The floor board cross members required notches to be cut in order to allow clearance for the steam pressure gauge copper line and the throttle cable.
I installed my batteries, since there are studs and wing nuts provided on the Optima Batteries, I cut off the large battery terminals and used properly sized eyelet terminals instead. I added an illuminated toggle switch to my control panel for my rear running lights, also; I mounted the 2 banana plugs in the control panel for recharging the batteries.
I fitted the control panel to the front floor board and cut the notches needed for the wiring.
I added a master electric disconnect toggle for the main (heavy red 10guage) power to the burner. This is the red switch mounted in the existing hole in the kick board in the picture. Should something happen in the burner area, or I want to service something on the burner, I can flip the switch and turn off all battery power to the relay and inverter without having to remove the floor and disconnect the battery. I wired in my running lights and brake lights at this time as well.
The instructions have the turret sensor wiring reversed, the correct wiring for the turret and the water tank sensors are from top to bottom are: yellow – blue – brown – white –red for the ground terminal. I changed over the turret wire terminals to a smaller proper fitting size.
With everything wired, you can now test the Led lights on the control panel. Turn the key to ON, the only lights that should be on is the battery lights. I’ve been informed that the top light may not light due to the sensitivity of reading at full charge. Your fuel light will work according to how you installed you tank sensor as described previously. Using a jumper wire, hook one end to the ground ring of the turret and touch the other end to the top sensor, the top Led light should light, the other lights should light accordingly as you go down the turret. You should hear the burner relay click when you touch the bottom sensor as well as light the bottom Led light. Repeat the same test for the water tank sensors, except the relay won’t click when you touch the bottom sensor. If a Led light is on without jumping the sensor, disconnect that wire, if the light goes out then there is a short in the sensor, remove and disassemble and correct. The inner sensor should not be in contact with the outer bushing. Note: this test is assuming you haven’t filled the water or fuel tanks yet.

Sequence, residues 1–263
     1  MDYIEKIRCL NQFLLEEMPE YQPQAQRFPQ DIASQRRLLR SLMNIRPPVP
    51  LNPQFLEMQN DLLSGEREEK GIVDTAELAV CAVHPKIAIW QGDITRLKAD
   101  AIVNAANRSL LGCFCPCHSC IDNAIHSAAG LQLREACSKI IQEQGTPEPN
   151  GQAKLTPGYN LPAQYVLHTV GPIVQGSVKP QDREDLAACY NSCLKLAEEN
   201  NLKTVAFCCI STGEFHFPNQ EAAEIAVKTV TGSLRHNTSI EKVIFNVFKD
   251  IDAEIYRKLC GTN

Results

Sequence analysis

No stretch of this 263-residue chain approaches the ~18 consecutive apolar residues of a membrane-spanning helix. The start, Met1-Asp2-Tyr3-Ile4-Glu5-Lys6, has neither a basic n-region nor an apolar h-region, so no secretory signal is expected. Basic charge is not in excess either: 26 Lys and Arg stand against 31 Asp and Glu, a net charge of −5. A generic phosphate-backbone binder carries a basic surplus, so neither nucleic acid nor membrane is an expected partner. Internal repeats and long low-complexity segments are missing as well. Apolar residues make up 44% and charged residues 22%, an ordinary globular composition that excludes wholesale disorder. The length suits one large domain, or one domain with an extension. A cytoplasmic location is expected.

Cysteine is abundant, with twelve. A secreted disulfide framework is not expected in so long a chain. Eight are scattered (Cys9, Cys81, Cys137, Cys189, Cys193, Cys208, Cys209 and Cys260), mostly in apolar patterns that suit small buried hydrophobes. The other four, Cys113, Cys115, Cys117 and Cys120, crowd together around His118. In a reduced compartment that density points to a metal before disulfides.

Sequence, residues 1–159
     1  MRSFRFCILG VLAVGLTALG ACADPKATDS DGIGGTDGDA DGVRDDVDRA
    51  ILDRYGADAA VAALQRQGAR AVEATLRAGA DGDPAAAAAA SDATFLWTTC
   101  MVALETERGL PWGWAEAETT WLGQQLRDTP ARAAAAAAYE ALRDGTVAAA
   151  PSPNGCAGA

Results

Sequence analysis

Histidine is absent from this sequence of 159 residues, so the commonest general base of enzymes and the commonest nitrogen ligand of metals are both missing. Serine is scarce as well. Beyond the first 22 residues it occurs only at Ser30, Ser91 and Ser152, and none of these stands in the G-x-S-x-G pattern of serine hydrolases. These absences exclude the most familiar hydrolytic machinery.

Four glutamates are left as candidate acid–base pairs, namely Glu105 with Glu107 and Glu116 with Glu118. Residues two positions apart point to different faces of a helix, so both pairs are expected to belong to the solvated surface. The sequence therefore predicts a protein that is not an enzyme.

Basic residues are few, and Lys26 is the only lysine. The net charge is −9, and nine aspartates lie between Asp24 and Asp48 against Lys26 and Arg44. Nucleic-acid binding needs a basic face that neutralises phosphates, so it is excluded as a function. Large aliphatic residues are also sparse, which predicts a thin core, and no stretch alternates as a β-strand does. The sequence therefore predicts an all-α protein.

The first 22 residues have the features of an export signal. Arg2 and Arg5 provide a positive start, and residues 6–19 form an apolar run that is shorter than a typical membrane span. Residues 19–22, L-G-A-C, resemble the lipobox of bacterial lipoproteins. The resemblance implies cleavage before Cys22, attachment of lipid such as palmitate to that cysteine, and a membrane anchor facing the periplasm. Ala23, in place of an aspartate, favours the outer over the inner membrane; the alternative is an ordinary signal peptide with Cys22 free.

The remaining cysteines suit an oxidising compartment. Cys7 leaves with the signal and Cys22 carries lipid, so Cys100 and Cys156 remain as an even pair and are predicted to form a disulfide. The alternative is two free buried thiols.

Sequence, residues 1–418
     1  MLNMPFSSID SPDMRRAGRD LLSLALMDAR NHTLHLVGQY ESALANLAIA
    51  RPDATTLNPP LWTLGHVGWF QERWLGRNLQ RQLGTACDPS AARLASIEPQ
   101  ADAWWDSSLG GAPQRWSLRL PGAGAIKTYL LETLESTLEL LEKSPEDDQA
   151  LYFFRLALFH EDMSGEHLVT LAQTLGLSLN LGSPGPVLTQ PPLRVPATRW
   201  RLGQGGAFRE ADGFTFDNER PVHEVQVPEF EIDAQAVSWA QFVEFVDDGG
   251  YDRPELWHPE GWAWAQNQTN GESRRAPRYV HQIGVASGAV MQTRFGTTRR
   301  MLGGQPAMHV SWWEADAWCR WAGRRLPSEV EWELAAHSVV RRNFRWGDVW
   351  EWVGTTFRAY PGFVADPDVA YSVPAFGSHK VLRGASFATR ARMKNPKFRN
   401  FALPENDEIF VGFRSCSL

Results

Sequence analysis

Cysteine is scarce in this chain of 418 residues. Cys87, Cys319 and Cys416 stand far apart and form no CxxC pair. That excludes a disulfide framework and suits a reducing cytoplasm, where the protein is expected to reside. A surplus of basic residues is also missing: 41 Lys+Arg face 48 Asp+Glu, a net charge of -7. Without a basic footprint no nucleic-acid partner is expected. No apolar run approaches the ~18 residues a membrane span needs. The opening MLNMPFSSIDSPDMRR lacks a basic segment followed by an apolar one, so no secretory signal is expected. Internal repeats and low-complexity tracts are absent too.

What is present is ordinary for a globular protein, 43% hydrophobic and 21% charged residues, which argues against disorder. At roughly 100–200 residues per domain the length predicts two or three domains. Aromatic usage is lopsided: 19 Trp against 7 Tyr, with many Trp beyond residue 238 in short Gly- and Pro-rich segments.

Fellow builders Brad Beutlich (California) and Tony Batten (UK) have there Lika’s steaming. These guys made up their own plumbing and block offs in order to get steaming right away. A lot of the information that I’m reporting is from their experiences and in no way is it final.
Brad has been in constant communication with ModelWorks acting on behalf of the US contingent. There are several changes that will be made regarding timing procedures as well as nozzle changes in the burner.
I will be reporting these changes in my next installment, as well as the Brake pedal modification, rear brake line modification, chain installation, and fuel bleeding process.
As information comes my way I will pass it on.
ModelWorks say’s that the Super heater, hand water pump and water feed line should be arriving soon.
I was a little disappointed in the instructions concerning this installation as I thought they would think this was very important and should have provided as much information as possible. Most of what I reported is information provided to Brad and myself through emails and phone calls.
Click here for almost complete picture
Update 2010: Modelworks are now Steam Traction World their website can be found HERE
Go to page:
Kit One and Two.
Kit Three and Four.
Kit Four B and Five.
Kit Six and Eight.
Addendum Kit Ten.
Kit Seventeen and Eighteen.
Leaf Spring Modification.
Brake Pedal, Brake Line, and Throttle Pedal Installation
Fuel Line Pickup Modification.
Super Heater, Hand Pump, and Plumbing.
Some Final Assembly and First Time Steam Up.
Road Test and a few Modifications.
Locomobile Cylinder Drains July 2009.